Cubs adding catching depth that may help them out in the Yu Darvish sweepstakes


Cubs adding catching depth that may help them out in the Yu Darvish sweepstakes

Chris Gimenez, come on down.

The 35-year-old catcher isn't exactly a household name, but he's been signed by the Cubs to add backstop depth, according to Chris Cotillo and Ken Rosenthal:

The Cubs didn't have much depth in the catching department beyond Willson Contreras and inexperienced rookie Victor Caratini and while Gimenez doesn't light up the stat column, he's a link to Yu Darvish that could give the Cubs a unique advantage in that domain:

Darvish and Gimenez played together with the Texas Rangers in 2014-15 (though Darvish was hurt in 2015) and Gimenez has been shedding some light on what the free-agent pitcher may be thinking this winter. Is this Part II of a David Ross-Jon Lester personal catcher situation?

That may be reading a bit too much into things, as the Cubs were always going to sign a veteran catcher to provide depth beyond the unproven Caratini. They saw how important that was in 2017 when Alex Avila spent roughly a month as the starter when Contreras was hurt.

The link between Gimenez and Darvish is real, but the frontline starter has also made 48 starts over the last two seasons while throwing to a catcher not named Gimenez. And the free agent catching market is pretty thin beyond Avila and Jonathan Lucroy, both of whom should earn starter's money or close to it.

Gimenez has played 361 games in the big leagues over the last nine seasons as a journeyman, with stops in Cleveland, Seattle, Tampa Bay, Oakland, Texas, Cleveland (again), Texas (again), Cleveland (again) and then Minnesota last year. He played for Cubs manager Joe Maddon and new pitching coach Jim Hickey while in Tampa Bay.

Gimenez turned in a career season in 2017 with the Twins, notching new highs in games played (74), at-bats (186), runs (28), hits (41), homers (7), RBI (16) and walks (33).

He has a career .218 batting average with a .309 on-base percentage, .345 slugging and .654 OPS. 

But Gimenez isn't just a catcher. He's made nine appearances as a pitcher over the last few years, including six in 2017, where he allowed four runs on seven hits in five innings.

Gimenez will probably compete with Caratini for the backup catcher role in Chicago and can lend a veteran presence. He's also the best bet to take for first position player to pitch in a game in 2018.

The Brewers have emerged as a darkhorse in the race for top starting pitchers


The Brewers have emerged as a darkhorse in the race for top starting pitchers

The Milwaukee Brewers are making sure nobody forgets about them in the National League Central.

While the St. Louis Cardinals continue to make trades and the Cubs remain linked to the top starting pitchers on the market even after signing three pitchers, the Brewers have been rather quiet. All winter, the only noteworthy moves from Milwaukee came in the form of under-the-radar pitcher signings — starters Jhoulys Chacin and Yovani Gallardo plus reliever Boone Logan.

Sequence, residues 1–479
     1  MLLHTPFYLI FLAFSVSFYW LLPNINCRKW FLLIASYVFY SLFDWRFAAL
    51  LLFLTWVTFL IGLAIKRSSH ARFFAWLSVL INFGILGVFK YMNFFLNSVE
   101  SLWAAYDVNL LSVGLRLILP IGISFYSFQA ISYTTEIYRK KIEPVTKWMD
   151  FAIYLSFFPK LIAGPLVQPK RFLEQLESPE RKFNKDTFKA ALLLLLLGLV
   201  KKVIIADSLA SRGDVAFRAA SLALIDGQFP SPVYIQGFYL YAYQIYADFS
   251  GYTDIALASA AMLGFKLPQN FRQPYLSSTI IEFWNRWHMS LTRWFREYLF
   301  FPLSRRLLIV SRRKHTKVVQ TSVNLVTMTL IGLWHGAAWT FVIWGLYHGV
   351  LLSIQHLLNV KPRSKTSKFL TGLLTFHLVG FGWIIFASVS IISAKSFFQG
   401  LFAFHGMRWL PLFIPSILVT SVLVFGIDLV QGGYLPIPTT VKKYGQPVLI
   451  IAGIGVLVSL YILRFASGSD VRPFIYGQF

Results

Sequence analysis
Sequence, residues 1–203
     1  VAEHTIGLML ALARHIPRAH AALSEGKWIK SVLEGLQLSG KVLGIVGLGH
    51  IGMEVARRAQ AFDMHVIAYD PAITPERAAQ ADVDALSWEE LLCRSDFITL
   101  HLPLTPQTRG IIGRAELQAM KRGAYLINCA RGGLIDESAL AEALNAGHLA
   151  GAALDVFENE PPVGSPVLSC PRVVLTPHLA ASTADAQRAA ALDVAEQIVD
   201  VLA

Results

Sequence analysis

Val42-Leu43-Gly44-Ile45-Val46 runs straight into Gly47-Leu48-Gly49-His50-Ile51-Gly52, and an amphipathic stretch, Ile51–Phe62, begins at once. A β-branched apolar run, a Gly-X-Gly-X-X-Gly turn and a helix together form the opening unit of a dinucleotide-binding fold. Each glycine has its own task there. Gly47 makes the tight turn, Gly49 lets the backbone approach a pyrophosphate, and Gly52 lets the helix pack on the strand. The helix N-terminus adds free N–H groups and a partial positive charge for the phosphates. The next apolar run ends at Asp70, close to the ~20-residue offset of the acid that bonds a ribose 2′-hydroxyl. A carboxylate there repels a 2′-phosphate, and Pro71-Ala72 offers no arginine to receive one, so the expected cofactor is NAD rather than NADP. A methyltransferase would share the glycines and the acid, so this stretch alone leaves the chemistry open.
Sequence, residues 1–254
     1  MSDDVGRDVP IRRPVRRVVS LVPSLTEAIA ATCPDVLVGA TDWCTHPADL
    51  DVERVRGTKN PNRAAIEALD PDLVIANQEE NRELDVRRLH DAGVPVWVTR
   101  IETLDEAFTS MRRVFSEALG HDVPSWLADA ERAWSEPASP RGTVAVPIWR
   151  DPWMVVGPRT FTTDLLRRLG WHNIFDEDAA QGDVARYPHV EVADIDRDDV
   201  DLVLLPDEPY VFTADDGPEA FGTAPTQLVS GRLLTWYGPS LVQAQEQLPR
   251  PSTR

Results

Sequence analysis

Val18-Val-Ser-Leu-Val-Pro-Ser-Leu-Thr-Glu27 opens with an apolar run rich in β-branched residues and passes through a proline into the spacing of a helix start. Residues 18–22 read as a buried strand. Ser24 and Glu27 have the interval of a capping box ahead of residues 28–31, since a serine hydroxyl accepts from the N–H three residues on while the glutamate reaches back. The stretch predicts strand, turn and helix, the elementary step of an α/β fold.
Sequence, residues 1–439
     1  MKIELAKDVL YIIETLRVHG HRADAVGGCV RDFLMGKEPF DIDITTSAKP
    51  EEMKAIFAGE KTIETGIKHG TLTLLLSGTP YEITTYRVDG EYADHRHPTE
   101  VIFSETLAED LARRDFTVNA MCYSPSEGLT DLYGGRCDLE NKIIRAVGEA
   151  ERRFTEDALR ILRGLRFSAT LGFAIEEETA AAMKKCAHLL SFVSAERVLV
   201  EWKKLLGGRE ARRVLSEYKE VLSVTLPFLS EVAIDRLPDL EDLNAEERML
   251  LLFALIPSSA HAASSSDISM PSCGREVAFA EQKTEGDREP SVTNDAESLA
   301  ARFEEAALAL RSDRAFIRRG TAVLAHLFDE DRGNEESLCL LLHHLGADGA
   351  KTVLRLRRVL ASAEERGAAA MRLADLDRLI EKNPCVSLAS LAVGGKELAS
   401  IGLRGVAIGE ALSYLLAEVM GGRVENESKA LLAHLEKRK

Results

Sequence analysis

Beyond that, the Brewers have added a bunch of other low-leverage players — catcher Christian Bethancourt and relievers J.J. Hoover, Ernesto Frieri, Michael Brady and Erik Davis. (Nobody would blame you if you haven't heard of any of those players before.)

But maybe the Brewers have just been saving their cash for one of the big guys, with Ken Rosenthal confirming a report Sunday night Milwaukee is not only one of the teams in on Yu Darvish, but they've even made a formal offer:

The Brewers securing Darvish or one of the other top pitchers — Jake Arrieta or Alex Cobb — would be a huge development in their effort to keep pace with the Cubs and Cardinals in the division.

Milwaukee was a surprise contender in 2017 before they faded down the stretch. The main reason they hung around the top of the NL Central all year was a shockingly-effective pitching staff.

However, the Brewers have some serious pitching questions long-term that need to be addressed. Beyond Chase Anderson and Zach Davies in the rotation, there are no sure things. 

Jimmy Nelson underwent shoulder surgery last fall and it's currently unknown when he can be counted on again, though things are progressing ahead of schedule. Junior Guerra — the 33-year-old right-hander formerly of the White Sox — went 9-3 with a 2.81 ERA in 20 starts in 2016 but followed that up with some serious struggles in 2017 (5.12 ERA, 1.48 WHIP).

Chacin, 30, was good in 2017 (13-10, 3.89 ERA, 1.27 WHIP), but struggled with health and inconsistent performance in the five seasons prior. Gallardo, 31, has a 5.57 ERA and 1.55 WHIP over the last two seasons. 

All that adds up to a staff that doesn't inspire much confidence behind a high-powered offense led by Ryan Braun, Travis Shaw, Domingo Santana, Eric Thames plus up-and-comers Lewis Brinson and Orlando Arcia.

Adding Arrieta or Darvish would certainly go quite far in improving the Brewers' biggest weakness and even Cobb could be a serious game-changer in Milwaukee.

As an interesting footnote to the whole Darvish rumor, the minute after Rosenthal confirmed the report, the Brewers official Twitter account took a shot at the Cubs:

Cubs Twitter — never one to back down from a good-natured social media spat — responded Monday morning with a sick comeback: